There is an old joke in the marketing business.
“No one believes in advertising until their cat goes missing.”
But as Dave Trott notes in a recent blog post, a lost cat poster typically has just three elements. A photo, phone number, and the words “lost cat” in large letters.
There is no place for nuance or subtly, and perhaps many modern advertising campaigns have forgotten this important fact.
People still fondly reminisce about the Martini campaign featuring Leonard Rossiter and Joan Collins. Except the brand being advertised was actually Cinzano.
And they remember the brilliant Nike campaign with the “Impossible is Nothing” slogan.
Except the campaign was not for Nike, but for Adidas.
This is an example of the Mandela effect, where people are quite certain they remember something that turns out to be wrong.
Car brands are particularly guilty of investing huge sums in bland campaigns that feel all but interchangeable.
“Bring on tomorrow” (Ford). “Let’s go places” (Toyota). “Innovation That Excites.” (Nissan). Urgh.
It all feels a long way from “Vorsprung durch Technik”, “The lion goes from strength to strength”, “The car in front is a Toyota” and “Have you driven a Ford lately?”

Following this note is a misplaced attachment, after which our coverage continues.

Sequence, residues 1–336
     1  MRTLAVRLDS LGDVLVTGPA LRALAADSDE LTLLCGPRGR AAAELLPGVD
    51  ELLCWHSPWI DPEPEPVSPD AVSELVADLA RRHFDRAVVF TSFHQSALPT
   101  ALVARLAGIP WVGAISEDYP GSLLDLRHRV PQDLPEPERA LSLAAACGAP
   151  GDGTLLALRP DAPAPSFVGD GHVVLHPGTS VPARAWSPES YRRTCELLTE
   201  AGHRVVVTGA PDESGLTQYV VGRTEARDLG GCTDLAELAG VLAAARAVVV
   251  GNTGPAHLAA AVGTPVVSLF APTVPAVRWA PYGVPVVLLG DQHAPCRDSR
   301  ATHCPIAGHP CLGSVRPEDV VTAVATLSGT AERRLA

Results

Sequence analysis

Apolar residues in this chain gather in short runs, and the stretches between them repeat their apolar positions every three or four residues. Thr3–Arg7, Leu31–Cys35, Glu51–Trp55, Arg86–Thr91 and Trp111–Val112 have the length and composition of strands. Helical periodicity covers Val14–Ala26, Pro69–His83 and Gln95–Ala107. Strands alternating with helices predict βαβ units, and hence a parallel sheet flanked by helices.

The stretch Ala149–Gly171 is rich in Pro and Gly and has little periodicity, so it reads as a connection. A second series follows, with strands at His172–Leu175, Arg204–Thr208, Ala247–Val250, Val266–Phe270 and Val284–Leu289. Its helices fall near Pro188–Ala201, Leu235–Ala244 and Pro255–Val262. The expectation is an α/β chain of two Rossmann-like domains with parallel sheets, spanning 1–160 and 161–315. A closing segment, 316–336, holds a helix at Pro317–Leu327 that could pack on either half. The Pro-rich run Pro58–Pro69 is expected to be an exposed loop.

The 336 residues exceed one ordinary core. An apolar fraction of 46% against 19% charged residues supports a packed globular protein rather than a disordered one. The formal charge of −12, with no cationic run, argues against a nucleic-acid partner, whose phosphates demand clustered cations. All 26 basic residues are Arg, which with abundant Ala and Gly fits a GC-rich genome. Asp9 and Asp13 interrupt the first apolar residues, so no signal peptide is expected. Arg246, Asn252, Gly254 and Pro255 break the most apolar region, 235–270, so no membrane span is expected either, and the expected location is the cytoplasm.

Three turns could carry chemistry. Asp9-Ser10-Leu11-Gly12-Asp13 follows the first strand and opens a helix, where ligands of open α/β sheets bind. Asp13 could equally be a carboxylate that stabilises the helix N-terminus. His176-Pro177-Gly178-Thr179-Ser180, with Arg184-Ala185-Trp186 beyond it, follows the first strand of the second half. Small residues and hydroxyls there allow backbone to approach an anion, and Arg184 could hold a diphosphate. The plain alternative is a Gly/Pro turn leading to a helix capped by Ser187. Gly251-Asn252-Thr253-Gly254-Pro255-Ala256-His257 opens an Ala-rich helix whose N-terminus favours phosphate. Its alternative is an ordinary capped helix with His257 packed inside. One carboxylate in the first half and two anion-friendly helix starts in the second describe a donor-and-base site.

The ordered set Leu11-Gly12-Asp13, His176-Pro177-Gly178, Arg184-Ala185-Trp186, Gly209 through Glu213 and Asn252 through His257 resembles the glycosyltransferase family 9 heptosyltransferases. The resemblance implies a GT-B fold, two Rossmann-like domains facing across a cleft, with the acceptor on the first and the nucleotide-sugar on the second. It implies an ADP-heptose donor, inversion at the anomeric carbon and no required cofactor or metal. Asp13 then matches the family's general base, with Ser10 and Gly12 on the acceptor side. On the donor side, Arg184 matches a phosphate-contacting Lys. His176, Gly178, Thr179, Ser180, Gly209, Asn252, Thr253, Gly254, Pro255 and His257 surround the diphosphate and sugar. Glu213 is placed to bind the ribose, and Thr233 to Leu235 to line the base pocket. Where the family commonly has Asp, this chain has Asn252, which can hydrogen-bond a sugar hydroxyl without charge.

As Trott notes, much of the advertising we see is attention-grabbing and sometimes even memorable, but it does not necessarily relate to the product it is actually supposed to be advertising.
“With any advertising, we have to ask, what is the point of standing out and getting remembered if the punters don’t remember who or what it’s for?”
And when it comes to the missing cat poster, Trott says, “The equivalent for us would be to concentrate on a beautiful picture of the cat but without any words or contact details.
“So everyone would say “What a lovely cat” without knowing what to do about it.
“That’s the level we’re at, we’re so interested in the details of the execution we’ve forgotten what the job of advertising is.”
Trott notes approvingly of the recent McDonald’s campaign, which has managed to culturally imprint the simple act of raising your eyebrows as a signal to others that it might be a good idea to get a cheeky Big Mac.
And thanks to the clever link with the Golden Arches, there is little risk of anyone mistaking the campaign for one by Subway, Burger King or KFC.